DHCP means Dynamic Host Configuration Protocol. We use this protocol to provide IP addresses dynamically to network devices.
Imagine you are running a network of 100 PCs. Those PCs (as what we have seen) require having the following information to be connected to the internet:
- IP address
- Subnet mask
Imagine that you, as a network engineer, need to go to each PC and assign to it an IP address, a subnet mask, a gateway and a DNS. This takes a lot of time and effort.
Instead of doing that, you can simply configure a DHCP server on LAN interface of the MikroTik router, then the PCs will communicate with the MikroTik router asking for an IP and the router will lease for them the IP and the rest of the information.
This way, the PCs will get a lease automatically without the need for you to go to each PC and assign for them that information.
In addition, the MikroTik RouterOS can be a DHCP client. That means it will get an IP dynamically on its DHCP client interface via a DHCP server. That’s also possible to be configured on the MikroTik RouterOS.
Enough from theory, let’s apply this on a LAB so you can understand it better.
We are back to the initial scenario. At this moment, the MikroTik router doesn’t have any configuration on it because it was erased when we re-flashed the RouterOS from the last LAB. I want now to configure the DHCP Server on the interface Ether2 of the router so the PC can get an IP address automatically.
1st we need to set an IP on the interface Ether2:
I have set an IP of 192.168.88.1/24 on Ether2 interface of the router. Very important that you put an IP on the interface where you want to configure the DHCP server on it because this is going to be the gateway of the network devices that are getting the leased IPs. Also, if you do not set an IP on the interface, then you will not be able to configure the DHCP server.
Now that I have the IP set on the Ether2 interface, we need to configure the DHCP server. Let’s do that:
I selected that the DHCP server should be on the interface Ether2, then click next:
Directly it will take the network ID of the IP that I have on Ether2, then click next:
Now it will show the Gateway IP for the network devices which will get the lease information from the DHCP Server. As I said, the gateway is the IP on Ether2 which is 192.168.88.1.
Let’s click next:
Now it shows the range of IPs that will be leased. You can adjust that if you want to make the range smaller or bigger. But I will leave it as it is and click on next:
Here you can set the DNS IP address(es) that you want to assign to the network devices. I have put 188.8.131.52 and 184.108.40.206
You can put any DNS server(s) that you want. Let’s click on next:
This is the lease time showing how long the lease will stay before it is expired. By default, it is 10 min. You can change that if you want, but I will leave it as default and click next:
The DHCP server has been completely configured now.
Let’s check now if the PC will get an IP from the pool that I have created on the DHCP server. To do that, we have to say on the Network Interface Card of the PC that it should get an IP address automatically. Let’s do that:
So, my PC will get automatically an IP address, a subnet mask, a gateway and DNS server addresses.
At this moment, the PC will communicate in the background with the MikroTik router asking him to lease for him that information, and the MikroTik router should give the IP & the information he wants. Let’s check if this has worked:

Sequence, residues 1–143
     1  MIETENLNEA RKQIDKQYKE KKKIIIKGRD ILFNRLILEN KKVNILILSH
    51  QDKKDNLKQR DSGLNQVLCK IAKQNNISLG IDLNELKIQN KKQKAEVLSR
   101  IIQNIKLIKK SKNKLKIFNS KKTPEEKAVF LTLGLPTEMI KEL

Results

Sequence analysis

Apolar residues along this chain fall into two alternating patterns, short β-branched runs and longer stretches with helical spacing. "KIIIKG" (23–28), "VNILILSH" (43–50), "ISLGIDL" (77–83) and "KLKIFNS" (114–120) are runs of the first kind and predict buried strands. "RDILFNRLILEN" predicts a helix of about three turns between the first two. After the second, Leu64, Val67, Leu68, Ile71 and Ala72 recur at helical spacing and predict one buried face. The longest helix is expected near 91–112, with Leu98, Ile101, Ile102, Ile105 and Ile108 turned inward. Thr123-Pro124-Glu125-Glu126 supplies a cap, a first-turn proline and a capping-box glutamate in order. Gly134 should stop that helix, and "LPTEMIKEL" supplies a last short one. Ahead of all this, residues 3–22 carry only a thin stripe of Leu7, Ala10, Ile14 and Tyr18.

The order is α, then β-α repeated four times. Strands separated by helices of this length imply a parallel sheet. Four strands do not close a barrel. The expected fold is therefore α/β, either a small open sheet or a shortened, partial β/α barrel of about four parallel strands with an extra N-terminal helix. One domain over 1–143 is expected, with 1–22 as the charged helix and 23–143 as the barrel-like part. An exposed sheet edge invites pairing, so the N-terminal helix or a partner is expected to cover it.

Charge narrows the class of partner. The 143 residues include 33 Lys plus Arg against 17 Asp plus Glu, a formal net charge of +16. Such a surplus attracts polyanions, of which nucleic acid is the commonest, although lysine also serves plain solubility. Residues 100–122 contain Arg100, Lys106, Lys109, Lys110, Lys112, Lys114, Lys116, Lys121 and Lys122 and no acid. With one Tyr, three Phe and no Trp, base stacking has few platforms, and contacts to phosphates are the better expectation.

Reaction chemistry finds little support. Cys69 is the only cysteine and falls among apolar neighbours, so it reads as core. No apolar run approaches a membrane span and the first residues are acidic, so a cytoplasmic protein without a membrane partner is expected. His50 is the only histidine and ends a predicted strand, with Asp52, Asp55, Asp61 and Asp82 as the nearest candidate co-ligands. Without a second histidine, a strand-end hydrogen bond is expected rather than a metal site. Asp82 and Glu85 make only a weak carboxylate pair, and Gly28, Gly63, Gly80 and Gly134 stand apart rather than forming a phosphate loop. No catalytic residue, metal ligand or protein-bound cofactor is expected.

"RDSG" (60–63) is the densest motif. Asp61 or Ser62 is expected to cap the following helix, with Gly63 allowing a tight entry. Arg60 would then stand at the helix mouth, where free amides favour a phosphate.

Indeed!!!! My PC got the lease from the MikroTik router. We can justify that also from the MikroTik router as the following:
You can see, there is 1 lease and the MikroTik router has given the IP of 192.168.88.254 to the PC. You can clearly see the PC’s MAC address showing up there. All this is happening dynamically without you move from your chair.
Let’s say now that you want this IP to always be given to that PC. Then you can just make this lease static, this way even if the lease is expired then this IP will not be provided to another machine. You got my idea?
Let’s make this lease static now:
This lease has been moved to static now. This means that anytime my PC is powered on, it will always get the IP of 192.168.88.254
Let’s say that I decided that my PC take an IP of 192.168.88.2 – how can I do that?
Let me show you:
All you need to do is to go on the lease entry (which is static) and change the IP there. Does it mean now that the PC has directly the IP of 192.168.88.2? Well not really, you must wait until the lease time is finished then it has the new IP. Otherwise, you can force your PC to re-ask for an IP address. Let’s check what is the IP on my PC now:
It is still 192.168.88.254!!!!
Let’s release the IP on the PC and request for a new IP:
Here we go. The PC has now the IP of 192.168.88.2 – that’s awesome.
The last step of this LAB is to show you how you can enable DHCP client on the MikroTik RouterOS.
As you saw on the graph of the LAB scenario, my router has Ether1 connected to the ISP router which has a DHCP server enabled on it. I need to make Ether1 a DHCP client so my router can get the lease information from the ISP DHCP server router and be able to go to the internet.
Let me show you how you can do that:
That’s all what you need to do. I have enabled the DHCP client on Ether1 interface of the router and I have asked that I want to get the DNS and NTP server addresses as well as the Gateway (default route) from the ISP router.
Let’s see if my router got all those information:
Indeed, they are all there. Now my router should be able to go to the internet:
It is working.
That’s all what I wanted to show you in this LAB, in the upcoming part of this chapter I will speak about ARP.